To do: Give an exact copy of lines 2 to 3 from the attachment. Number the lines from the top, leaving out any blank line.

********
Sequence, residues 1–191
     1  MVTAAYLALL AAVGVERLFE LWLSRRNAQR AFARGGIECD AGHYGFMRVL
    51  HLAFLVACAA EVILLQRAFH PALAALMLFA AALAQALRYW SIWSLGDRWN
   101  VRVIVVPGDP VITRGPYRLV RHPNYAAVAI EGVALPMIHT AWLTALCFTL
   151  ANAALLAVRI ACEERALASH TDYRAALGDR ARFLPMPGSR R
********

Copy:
     1  MVTAAYLALL AAVGVERLFE LWLSRRNAQR AFARGGIECD AGHYGFMRVL
    51  HLAFLVACAA EVILLQRAFH PALAALMLFA AALAQALRYW SIWSLGDRWN